It’s been nearly five years since then-18-year-old Bedford producer TJ “Lil Silva” Carter captured the hearts and minds of the UK underground with ‘Seasons / Funky Flex’.
Powered by addictive, razor-sharp basslines and heart-pumping soca rhythms, the 12” set the template for what Lil Silva would come to be known: body-moving tracks that would define (and eventually outpace) UK funky.
However, with the release of his third EP, The Distance (out now on Good Years and streaming below), Lil Silva is ready to move into the next stage of his career, which he describes as “artist-producer-DJ” rather than simply “producer-DJ.” When FACT caught up with Silva as he prepared for the release of the EP and his US debut later this month, the word “artist” came up plenty as Silva described his growth as a songwriter and — for the first time on record — a singer.
Born, raised, and still based in Bedford, Silva came of age when garage and grime crews still dominated the area. “I had made music since I was 10 or 11, but I started playing it for people when I was 16 or 17,” he says. “At the time, I was making grime and garage.” While he experimented with hip-hop, Bedford was “such a grime-affiliated town” that he stuck with the homegrown style. And despite being associated with the UK funky movement, he quickly tired of the classification. “I just continued to make whatever I was making, and people characterized it into their own genre,” he says, admitting that “the whole funky thing helped massively.”
While the UKF tag certainly helped, so did his affiliation with the then-nascent Night Slugs label. “They had been trying to get hold of me for a minute; I was not the easiest dude,” he recalls. “I was 17 when I released that first track and it was really overwhelming at 17 — I had only made two tracks.” Thankfully, both sides were able to work things out: Night Skanker EP was the label’s fourth release, right in the middle of a groundbreaking 2010 run that included early efforts by L-Vis 1990, Kingdom, Girl Unit, Mosca, and Egyptrixx. “I loved the whole [Night Slugs] sound at that time, it was just brilliant,” he says. “It fit perfectly with what I was doing.”
Further releases for Night Slugs, along with a series of white labels, cemented Lil Silva’s status as one of the UK’s finest talents — one not limited to UKF’s soca-fueled party tracks. 2011’s The Patience EP introduced a new wrinkle to Silva’s sound with the lush ‘On Your Own’, featuring singer and frequent SBTRKT collaborator Sampha. “I saw him a long time ago, performing at Notting Hill Arts Club,” he says. “My manager took me to the show; he said “you need to check this guy out.” We just clicked, and we’ve just being doing work together since.”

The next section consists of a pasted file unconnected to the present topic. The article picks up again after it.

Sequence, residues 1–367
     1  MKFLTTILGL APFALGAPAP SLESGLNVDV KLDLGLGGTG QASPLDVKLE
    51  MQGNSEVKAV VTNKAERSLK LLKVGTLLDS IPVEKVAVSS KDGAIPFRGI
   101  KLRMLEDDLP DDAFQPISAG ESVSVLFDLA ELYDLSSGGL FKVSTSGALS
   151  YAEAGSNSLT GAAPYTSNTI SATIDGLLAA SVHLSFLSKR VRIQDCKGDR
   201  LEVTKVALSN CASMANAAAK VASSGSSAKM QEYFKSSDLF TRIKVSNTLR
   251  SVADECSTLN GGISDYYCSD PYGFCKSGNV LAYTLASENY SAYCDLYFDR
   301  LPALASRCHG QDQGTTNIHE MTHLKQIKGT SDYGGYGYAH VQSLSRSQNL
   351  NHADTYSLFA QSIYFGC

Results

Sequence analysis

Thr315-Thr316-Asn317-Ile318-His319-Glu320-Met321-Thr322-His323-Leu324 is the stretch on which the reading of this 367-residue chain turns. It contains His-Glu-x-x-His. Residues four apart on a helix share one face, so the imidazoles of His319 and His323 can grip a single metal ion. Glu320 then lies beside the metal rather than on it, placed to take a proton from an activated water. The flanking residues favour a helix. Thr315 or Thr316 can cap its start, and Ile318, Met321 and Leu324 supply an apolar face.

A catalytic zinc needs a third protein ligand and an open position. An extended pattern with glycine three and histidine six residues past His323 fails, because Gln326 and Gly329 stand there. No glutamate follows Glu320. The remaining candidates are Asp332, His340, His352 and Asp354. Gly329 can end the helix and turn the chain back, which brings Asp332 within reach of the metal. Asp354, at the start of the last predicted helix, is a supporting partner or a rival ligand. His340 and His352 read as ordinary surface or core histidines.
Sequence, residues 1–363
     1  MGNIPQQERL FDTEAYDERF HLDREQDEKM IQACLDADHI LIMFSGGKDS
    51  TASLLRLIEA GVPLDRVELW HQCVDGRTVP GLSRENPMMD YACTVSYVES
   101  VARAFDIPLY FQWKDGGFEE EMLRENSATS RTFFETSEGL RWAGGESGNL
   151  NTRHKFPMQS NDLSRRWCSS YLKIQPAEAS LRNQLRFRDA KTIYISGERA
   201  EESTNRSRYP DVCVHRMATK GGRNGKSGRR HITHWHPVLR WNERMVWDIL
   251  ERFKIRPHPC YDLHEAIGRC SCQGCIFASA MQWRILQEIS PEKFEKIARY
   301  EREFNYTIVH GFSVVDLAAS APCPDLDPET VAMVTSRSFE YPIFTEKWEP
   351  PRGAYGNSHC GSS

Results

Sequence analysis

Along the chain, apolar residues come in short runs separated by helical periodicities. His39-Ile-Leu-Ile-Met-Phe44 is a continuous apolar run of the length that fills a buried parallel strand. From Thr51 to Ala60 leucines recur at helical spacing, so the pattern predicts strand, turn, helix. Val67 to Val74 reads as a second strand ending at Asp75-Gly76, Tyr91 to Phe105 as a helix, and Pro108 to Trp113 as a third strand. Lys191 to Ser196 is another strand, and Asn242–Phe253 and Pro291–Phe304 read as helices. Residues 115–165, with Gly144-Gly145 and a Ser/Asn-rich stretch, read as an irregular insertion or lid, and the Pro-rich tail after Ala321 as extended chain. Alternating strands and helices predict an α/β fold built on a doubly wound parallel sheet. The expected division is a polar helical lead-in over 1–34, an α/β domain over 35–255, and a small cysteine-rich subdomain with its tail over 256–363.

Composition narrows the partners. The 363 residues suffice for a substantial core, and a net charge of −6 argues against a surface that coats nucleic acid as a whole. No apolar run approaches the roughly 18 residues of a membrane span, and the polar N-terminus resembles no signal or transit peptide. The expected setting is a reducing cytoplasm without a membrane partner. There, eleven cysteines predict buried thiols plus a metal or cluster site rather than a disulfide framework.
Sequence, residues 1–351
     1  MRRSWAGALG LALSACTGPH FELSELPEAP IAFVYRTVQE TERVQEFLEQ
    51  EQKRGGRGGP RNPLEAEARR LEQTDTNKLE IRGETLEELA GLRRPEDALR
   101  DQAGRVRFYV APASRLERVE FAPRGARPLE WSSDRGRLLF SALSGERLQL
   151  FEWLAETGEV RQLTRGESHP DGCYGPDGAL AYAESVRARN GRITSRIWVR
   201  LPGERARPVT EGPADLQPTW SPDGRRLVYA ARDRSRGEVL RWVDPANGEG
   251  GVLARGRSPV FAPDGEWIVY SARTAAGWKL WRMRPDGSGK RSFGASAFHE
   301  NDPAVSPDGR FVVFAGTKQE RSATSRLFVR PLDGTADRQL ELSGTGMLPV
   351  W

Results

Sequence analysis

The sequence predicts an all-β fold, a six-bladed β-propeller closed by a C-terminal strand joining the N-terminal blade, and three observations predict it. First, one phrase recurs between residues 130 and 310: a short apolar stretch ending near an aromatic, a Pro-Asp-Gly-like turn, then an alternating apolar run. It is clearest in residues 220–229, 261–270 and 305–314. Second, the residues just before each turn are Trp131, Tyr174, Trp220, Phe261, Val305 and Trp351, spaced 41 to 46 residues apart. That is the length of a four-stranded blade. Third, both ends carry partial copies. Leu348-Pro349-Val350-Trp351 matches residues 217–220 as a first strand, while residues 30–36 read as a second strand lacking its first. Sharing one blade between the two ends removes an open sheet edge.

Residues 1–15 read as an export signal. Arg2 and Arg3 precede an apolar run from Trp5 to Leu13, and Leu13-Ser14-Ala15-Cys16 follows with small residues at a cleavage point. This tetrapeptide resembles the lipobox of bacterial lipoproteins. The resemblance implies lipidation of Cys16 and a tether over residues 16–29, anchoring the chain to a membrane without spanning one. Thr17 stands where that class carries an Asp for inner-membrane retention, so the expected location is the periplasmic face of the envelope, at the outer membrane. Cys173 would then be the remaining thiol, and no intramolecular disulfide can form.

The most significant change on The Distance is Silva’s decision to sing, something Sampha and others pushed him to do. “When I previewed some bits [of the EP], it just shocked people, the voice I had,” he says. “I thought why not? I want to be more into the artistic side of things.” ‘No Doubt’, a duet with London newcomer Rosie Lowe, reveals Silva’s gentle, soulful voice as the element that could take someone known for banging club tracks to the next level.
Silva sees the EP as the natural evolution of his sound. “It has the elements of what I’ve been doing for the past four years, but I’m just being myself — I’ve never tried to be anyone else,” he says, hoping that people will appreciate the growth. “This is what I’m making, whatever you want to call it.” Certainly, the EP is not entirely new territory: the bassline on ‘Salient Sarah’ will probably evoke memories of ‘Seasons’ and ‘Funky Flex’.
But while last year’s Club Constructions EP proved that he can still make “heavy instrumentals [and] hard bangers,” he feels that he’d be lying to himself if he limited himself to that mode. Along with artists like Flying Lotus, Theo Parrish, and Thundercat, he’s been listening to “old school” J Dilla, Timbaland and Magoo, and Neptunes music for inspiration, noting that “the old stuff is in time now.” “I listened to some stuff I made when I was 11 or 12 and I thought, damn, I could probably get away with putting this out now,” he laughs.
Granted, we probably won’t be seeing any releases from Silva’s pre-teen archives, more music is on the way. He’s been “in and out of studio sessions” with Sampha, Lowe, and Jamie Woon, along with LA pop act Banks, for whom he produced this year’s ‘Work’. “That’s the good part of the process now,” he explains. “From working with these artists, I’m widening how I can make the track better.”
Later this month, Lil Silva will make his first visit to the States since he was a kid, playing shows in Boston and New York and recording in Los Angeles. “ I think it’s all going to be exciting, to be honest. I’m looking forward to the whole thing,” he says with a laugh. “I’ll be grinning from ear to ear.” With The Distance starting a new chapter in his career, Lil Silva has plenty to smile about.